His disciples followed him.

First, however, the disciples follow Jesus to his hometown synagogue on the Sabbath day. And, after all the wonders they have seen, I imagine the last thing the disciples expect is the hometown crowd’s reaction to Jesus. It begins well; the people seem impressed by Jesus’ wisdom and powerful actions: “What deeds of power are being done by his hands!”

But in the next breath, what appears to be a compliment becomes an insult. Regardless of any powerful deeds, these people know those hands were, up until now, employed in the mundane work of carpentry. Jesus was just a handyman, so how special could he really be?

There’s irony here, as N.T. Wright notes, “Jesus is indeed the one who can fix things, the one who is putting up a building, the one people should go to, to get things sorted out.”[2] But “familiarity breeds contempt,” the saying goes, and even more, it gives the locals the excuse they need to reject any notion of Jesus as Messiah and dismiss his dangerous kingdom teachings.

So this “un-miracle” story ends sadly.[3] Jesus offers a new, transformative reality, but the locals refuse to receive it. It’s not that Jesus’ hands have any less power, but that his neighbors and friends have effectively tied them.  After healing just a few sick folks, Jesus voices the pain he must have felt in this rejection: “Prophets are not without honor, except in their hometown…” And then, amazed at their unbelief, Jesus moves on.

His disciples followed him.

It’s interesting that Mark’s gospel places the story of Jesus sending the Twelve into the villages to minister with “authority over the unclean spirits,” just after an event where Jesus’ authority was rejected.  What is “authority?” One source defines it as “the power or right to give orders, make decisions, and enforce obedience.”[4]

My mind links the word “authority” to the word “authoritarian,” a leadership style which enforces obedience “at the expense of personal freedom.”[5] Authoritarian governments use whatever force necessary to compel submission and conformity to their agenda. This is the kind of leadership Rome exercised over the people of first century Palestine, domination by force of arms and incessant war, celebrated, ironically, as the “Pax Romana,” the peace of Rome.

The peace of God’s kingdom, the authority in which Jesus sends the disciples, is utterly in contrast to such authoritarian regimes. And that, frankly, may be part of what offended Jesus’ hometown crowd. The kingdom Jesus was announcing contradicted the hope of Messiah so many Jews had nursed, the hope for a military leader who would fight Rome’s fire with fire, reclaiming their homeland from the pagans.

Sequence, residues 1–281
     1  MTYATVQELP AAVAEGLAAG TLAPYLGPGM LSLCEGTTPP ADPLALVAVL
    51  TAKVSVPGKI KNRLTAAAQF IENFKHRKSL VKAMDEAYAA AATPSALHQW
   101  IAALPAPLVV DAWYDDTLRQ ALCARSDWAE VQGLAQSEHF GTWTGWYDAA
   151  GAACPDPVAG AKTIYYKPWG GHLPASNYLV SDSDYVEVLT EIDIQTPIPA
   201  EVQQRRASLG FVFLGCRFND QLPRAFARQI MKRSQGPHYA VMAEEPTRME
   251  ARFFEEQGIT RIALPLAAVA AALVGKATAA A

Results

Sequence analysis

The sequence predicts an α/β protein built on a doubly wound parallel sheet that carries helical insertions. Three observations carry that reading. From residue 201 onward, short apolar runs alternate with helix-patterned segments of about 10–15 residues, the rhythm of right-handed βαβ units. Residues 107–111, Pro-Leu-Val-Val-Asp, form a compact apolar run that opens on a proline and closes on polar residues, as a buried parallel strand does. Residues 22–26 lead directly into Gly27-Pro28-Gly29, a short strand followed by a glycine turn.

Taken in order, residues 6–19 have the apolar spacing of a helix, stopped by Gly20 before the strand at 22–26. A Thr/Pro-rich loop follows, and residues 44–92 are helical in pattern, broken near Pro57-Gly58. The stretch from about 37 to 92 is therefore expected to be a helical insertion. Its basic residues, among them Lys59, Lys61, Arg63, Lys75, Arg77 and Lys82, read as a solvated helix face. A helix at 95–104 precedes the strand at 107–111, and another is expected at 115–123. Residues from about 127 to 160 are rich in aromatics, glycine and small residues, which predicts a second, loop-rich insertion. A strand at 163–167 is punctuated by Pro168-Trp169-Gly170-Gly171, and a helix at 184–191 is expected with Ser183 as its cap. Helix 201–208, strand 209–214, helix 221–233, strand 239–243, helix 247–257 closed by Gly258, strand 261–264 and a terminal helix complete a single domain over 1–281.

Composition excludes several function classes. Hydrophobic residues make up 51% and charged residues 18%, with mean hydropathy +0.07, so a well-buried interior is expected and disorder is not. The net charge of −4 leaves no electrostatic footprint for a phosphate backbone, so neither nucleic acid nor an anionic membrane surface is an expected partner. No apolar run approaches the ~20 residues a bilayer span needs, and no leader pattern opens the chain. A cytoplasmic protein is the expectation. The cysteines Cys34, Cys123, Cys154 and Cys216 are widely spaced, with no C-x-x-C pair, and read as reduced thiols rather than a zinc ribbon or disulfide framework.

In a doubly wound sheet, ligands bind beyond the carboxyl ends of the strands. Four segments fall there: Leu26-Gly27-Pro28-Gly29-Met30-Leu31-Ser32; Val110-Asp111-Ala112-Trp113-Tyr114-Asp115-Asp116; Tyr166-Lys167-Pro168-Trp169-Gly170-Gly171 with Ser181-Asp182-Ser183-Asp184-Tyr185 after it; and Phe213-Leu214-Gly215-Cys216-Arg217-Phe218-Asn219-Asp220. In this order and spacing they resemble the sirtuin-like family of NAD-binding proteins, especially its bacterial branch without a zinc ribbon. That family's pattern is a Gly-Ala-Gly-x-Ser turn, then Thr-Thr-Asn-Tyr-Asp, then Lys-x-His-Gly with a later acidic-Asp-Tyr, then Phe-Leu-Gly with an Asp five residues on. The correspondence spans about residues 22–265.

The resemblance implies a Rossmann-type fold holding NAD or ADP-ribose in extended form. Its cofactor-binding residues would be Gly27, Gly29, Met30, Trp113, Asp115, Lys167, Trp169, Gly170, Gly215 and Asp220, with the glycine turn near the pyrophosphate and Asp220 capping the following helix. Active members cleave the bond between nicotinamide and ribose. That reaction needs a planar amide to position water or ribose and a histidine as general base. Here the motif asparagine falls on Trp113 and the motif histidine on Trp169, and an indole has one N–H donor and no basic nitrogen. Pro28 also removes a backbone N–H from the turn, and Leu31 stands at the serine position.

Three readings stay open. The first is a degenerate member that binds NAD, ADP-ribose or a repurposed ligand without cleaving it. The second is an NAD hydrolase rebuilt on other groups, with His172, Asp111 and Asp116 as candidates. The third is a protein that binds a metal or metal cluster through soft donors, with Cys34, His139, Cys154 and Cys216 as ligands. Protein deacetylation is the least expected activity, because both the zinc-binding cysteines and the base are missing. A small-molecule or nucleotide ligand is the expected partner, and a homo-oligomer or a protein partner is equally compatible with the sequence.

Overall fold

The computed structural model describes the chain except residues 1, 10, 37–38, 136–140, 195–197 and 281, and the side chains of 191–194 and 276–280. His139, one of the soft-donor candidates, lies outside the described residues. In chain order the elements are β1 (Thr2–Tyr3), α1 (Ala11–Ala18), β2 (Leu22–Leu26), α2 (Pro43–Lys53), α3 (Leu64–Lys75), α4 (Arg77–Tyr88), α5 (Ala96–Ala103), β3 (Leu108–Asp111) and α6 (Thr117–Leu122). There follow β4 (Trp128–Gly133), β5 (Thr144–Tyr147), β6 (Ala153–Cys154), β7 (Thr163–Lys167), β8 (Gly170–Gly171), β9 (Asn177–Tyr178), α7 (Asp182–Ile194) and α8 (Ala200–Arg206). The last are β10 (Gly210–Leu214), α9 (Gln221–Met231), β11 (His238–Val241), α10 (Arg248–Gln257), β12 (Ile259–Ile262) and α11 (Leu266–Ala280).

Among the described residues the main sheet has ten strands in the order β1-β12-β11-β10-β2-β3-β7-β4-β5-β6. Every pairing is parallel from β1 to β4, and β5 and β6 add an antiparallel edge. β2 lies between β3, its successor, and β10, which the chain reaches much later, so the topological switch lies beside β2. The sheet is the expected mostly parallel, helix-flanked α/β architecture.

Jesus does not and will not compel obedience to his agenda by dominating force. Jesus’ authority comes from God, and God doesn’t force anyone into faith. God, who longs for our responsive love and obedience, allows people the freedom to reject him. In concert with God’s will and ways, Jesus’ authority makes change by way of free acceptance. He announces the kingdom, available to us here and now, and he shows us God’s desire and power for healing and wholeness. Those who freely accept and receive from him find their hearts and lives completely transformed. The eternal kind of life—a life of grace, purpose, courage, and deep love—becomes our everyday reality and spreads out from us to others.

But Jesus knows that for others, his way just seems too contrary to their understandings of prosperity and power on earth. No matter how loudly he speaks, some will not hear; no matter what sign he reveals, some will not see. Jesus grieves our rejection and our lack of faith, but he doesn’t let it slow him down.

And his disciples followed him.

 The Greek word, here translated “follow,” can also mean “imitate.” Disciples not only go where their master goes, but they take on his discipline: training that guides them in imitating the master’s character and deeds, training that shapes them in his likeness.

So, when Jesus sends out the Twelve, the disciples are not only to imitate their master’s powerful words, calling people to changed hearts and minds, fit for God’s kingdom; and they are not only to imitate his powerful sign-acts of exorcism and healing, which show, more powerfully than words, God’s kingdom is present in Jesus Christ. Above all, in the instructions he gives, we see that his disciples are also to imitate with authority rooted in vulnerability.